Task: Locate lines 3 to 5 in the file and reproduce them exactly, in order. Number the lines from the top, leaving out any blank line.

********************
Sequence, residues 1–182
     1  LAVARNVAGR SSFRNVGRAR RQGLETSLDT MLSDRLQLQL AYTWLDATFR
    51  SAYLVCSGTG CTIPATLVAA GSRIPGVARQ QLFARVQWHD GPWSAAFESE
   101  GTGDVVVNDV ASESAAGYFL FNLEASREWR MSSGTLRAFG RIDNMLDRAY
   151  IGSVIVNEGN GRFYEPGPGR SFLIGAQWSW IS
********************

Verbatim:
    51  SAYLVCSGTG CTIPATLVAA GSRIPGVARQ QLFARVQWHD GPWSAAFESE
   101  GTGDVVVNDV ASESAAGYFL FNLEASREWR MSSGTLRAFG RIDNMLDRAY
   151  IGSVIVNEGN GRFYEPGPGR SFLIGAQWSW IS